INFORMATION PRIVACY ? Refers to the right of individuals and companies to deny or restrict the collection and use of information about them. ? Some companies and individuals collect and use this information without your authorization. ? Electronic Profiles When you fill out a form such as a magazine as well as click on an advertisement on the Web, the merchant that received your information usually enters it into a database. – Merchants sell the contents of their databases to national marketing firms and Internet advertising firms. – By combining this data with information from public sources such as driver’s licenses, these firms create an electronic profile of individuals. – The information in these electronic profiles includes personal details such as your age, address, telephone number, spending habits, marital status, number of dependents and so on. Cookies – It is a small text file that a Web server stored on your computer. – E-commerce and other Web applications often rely on cookies to identify users and customize Web pages. – Cookie files contain data about you, such as your user name or viewing preferences. – Cookies allow for personalization to track user preferences. –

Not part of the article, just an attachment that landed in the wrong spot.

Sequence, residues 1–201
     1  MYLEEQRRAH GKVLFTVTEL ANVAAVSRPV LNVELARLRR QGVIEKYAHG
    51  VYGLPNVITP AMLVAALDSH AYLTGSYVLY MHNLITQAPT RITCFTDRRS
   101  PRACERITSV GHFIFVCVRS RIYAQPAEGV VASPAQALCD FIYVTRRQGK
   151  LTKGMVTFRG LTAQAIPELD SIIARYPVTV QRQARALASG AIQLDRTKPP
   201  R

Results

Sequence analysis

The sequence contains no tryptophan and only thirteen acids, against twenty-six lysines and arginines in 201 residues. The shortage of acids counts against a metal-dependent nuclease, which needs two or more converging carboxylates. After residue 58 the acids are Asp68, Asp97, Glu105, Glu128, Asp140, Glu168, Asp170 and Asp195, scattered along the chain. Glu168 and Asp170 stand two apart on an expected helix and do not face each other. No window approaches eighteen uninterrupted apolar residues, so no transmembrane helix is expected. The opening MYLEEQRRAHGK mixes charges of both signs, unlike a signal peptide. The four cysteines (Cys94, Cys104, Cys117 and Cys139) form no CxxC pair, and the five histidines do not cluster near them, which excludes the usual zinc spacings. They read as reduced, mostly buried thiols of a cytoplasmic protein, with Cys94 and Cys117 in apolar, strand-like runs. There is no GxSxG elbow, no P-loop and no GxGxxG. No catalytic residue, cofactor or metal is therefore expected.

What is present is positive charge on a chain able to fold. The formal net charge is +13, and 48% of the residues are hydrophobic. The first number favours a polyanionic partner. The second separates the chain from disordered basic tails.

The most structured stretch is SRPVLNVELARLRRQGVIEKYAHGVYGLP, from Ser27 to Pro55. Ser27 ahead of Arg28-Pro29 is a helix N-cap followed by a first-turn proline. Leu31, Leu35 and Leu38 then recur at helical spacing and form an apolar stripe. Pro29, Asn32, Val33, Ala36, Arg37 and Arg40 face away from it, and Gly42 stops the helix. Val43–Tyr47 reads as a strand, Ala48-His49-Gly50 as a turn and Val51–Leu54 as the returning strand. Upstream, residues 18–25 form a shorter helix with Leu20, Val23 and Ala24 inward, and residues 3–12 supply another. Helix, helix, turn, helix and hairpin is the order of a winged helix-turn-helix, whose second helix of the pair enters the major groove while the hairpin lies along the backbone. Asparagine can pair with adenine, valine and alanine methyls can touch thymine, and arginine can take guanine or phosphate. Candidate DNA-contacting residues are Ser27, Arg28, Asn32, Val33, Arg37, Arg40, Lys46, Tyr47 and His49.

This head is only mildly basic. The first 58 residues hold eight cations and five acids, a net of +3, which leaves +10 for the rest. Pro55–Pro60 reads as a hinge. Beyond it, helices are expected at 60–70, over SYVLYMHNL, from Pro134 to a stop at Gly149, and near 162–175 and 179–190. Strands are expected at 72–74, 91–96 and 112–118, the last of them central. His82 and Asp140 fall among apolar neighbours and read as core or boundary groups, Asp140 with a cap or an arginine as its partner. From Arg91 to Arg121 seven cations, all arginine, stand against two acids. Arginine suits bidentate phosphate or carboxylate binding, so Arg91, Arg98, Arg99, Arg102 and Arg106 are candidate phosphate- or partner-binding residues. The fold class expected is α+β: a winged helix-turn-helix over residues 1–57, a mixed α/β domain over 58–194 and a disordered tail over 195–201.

Many commercial Web sites send a cookie to your browser and then, your hard drive stores the cookie. 3 C:8 th Grade Computers/Computer Ethics/Computer Ethics Study Guide. doc 08/20/09 Copyright © 2005, Laura Parcell INFORMATION PRIVACY (CONT’D. ) The next time you visit the Web site, your browser retrieves the cookie from your hard drive and sends the data in the cookie to the Web site. – You can set your browser to accept cookies automatically, prompt you if you want to accept a cookie, or disable cookie use altogether. ? Spyware – Is a program placed on a computer without the user’s knowledge that secretly collects information about the user. – It can enter a computer as a virus or as a result of a user installing a new program. – The spyware program communicates information it collects to some outside source while you are online. Some vendors or employers use spyware to collect information about program usage or employees. – Internet advertising firms often collect information about users’ Web browsing habits by hiding spyware in adware. ? Adware – Is a program that displays an online advertisement in a banner or pop-up window on Web pages, email, or other Internet services. ? Web Bug – Is hidden on Web pages or in email messages in the form of pictures. – Web businesses use Web bugs to monitor online habits of Web site visitors. –